Get ready to work in a digitally transformed world

Automotive electrician works on a car alongside a robot

Our future of work series explores how technology will transform your career. First up – artificial intelligence is changing the world of work, but you can thrive if you have the right skills.

The digital revolution will change the way we work

We’re seeing big changes happening in the world of work, but this isn’t new. People’s working lives have been disrupted throughout history by technological revolutions such as farming and industrialisation.

However, the digital revolution happening today is transforming our world much faster than we’ve ever seen before. Increased processing power, big data, sensors, and smart devices will have a growing impact on our working lives. Robots and advanced computing technology are automating jobs and tasks previously reserved for humans. Whole jobs are disappearing and almost every job will be reshaped. 

But there’s no need to panic. Artificial intelligence (AI) will mean the number of people working alongside robots will be greater than the number of people whose jobs are replaced by robots. When a robot picks up more mundane and routine tasks, it leaves us free to work on more interesting jobs and tasks that can’t be automated. Technology can take over some jobs, but remember that it can also complement others.

Some sources even predict AI will create more jobs than it eliminates. We’re likely to see jobs emerge such as:

  • medical robot designer – designing robots used in medical science (for example, to help surgeons perform complex operations)
  • energy grid modernisation manager – managing the upgrade of the power grid so it wastes less energy
  • privacy protection engineer – decreasing privacy risks in information systems.

Jobs in demand will need your technological and creative skills

In a global marketplace where many employers are on the lookout for ways to keep their competitive edge, it’ll be the people who can take their CV to the next level with a combination of technical and creative skills who’ll be most in demand.

Many of the jobs in highest demand will be concentrated in technology-related sectors, so your future prospects are likely to be excellent if you have one or more of the STEM skills of science, technology, engineering and maths.

But if you have a combination of STEAMED skills – science, technology, engineering, art, maths, entrepreneurship and design – you’ll be snapped up! People who can come up with new ideas, products, and cures to solve the world’s most pressing problems will be most sought after in the future world of work.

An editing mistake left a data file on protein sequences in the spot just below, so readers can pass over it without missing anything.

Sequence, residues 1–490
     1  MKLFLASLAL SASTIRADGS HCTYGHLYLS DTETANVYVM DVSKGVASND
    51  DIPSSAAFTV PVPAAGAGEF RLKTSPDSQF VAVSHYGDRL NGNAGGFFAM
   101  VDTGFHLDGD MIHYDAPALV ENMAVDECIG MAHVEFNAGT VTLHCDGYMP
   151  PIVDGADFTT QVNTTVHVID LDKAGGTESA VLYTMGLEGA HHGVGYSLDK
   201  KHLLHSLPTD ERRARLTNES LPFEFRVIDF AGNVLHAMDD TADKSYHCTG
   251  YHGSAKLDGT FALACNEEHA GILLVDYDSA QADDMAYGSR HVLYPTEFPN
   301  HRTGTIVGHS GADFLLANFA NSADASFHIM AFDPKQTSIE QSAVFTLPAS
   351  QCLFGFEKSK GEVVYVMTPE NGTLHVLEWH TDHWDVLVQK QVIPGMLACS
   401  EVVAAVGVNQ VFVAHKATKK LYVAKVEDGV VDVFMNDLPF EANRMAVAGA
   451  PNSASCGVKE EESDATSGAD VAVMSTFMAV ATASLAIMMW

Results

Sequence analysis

Being prepared is key to success

You can take action to prepare for a career that’s changing or doesn’t exist yet by:

  • keeping up with the big trends, like technological change and new ways of working
  • focusing on building up your skills by taking short courses
  • practising creative thinking
  • learning to work with others to solve problems.

Developing these qualities will:

  • increase your resilience
  • help you become more adaptable to change
  • make AI something you’ll embrace rather than fear. 

There’s also an expectation that the way you’ll work in future will change. It’s likely to be a more dynamic environment where it will be normal to move in and out of many jobs, and even spend some time out of work. This will require a new mindset, including being financially prepared to manage gaps in your employment.

Get more future of work articles

Our future of work article series explores the latest career research to show how technology will transform your career.

Sources

  • AI Forum New Zealand, 'Artificial Intelligence: Shaping a Future New Zealand', May 2018, (www.aiforum.org.nz).
  • Center for the Future of Work, '21 Jobs of the Future: A Guide to Getting – and Staying – Employed for the Next 10 Years', November 2017, (www.cognizant.com).
  • Donovan, E, 'Govt Too Upbeat about AI – Expert', 8 March 2018, (www.radionz.co.nz).
  • Foundation for Young Australians, 'The New Work Order – Ensuring Young Australians have Skills and Experience for Jobs of the Future, not the Past', 2015, (www.fya.org.au).  
  • Gartner, 'Gartner Says by 2020 Artificial Intelligence Will Create More Jobs than it Eliminates', 13 December 2017, (www.gartner.com).
  • Kenny, K, 'While Artificial Intelligence is Tipped to be as "Significant as Electricity" it’s not Coming for Your Job, Yet', 2 May 2018, (www.stuff.co.nz).
  • Kubiak, L, et al, 'Disruptive Technologies: Risks, Opportunities – Can New Zealand Make the Most of Them?', 21 October 2015, (www.nzier.org.nz).
  • Manyika, J, et al, 'Jobs Lost, Jobs Gained: What the Future of Work Will Mean for Jobs, Skills, and Wages', November 2017, (www.mckinsey.com).
  • PwC, 'Will Robots Really Steal Our Jobs?', February 2018, (www.pwc.co.nz). 
  • PwC, 'Workforce of the Future: The Competing Forces Shaping 2030', 2018, (www.pwc.com).
  • Robertson, G, Hon, 'Speech to the Productivity Hub on the Future of Work: Adaptability, Resilience and Inclusion', 3 February 2018, (www.beehive.govt.nz).

Updated 19 Jun 2019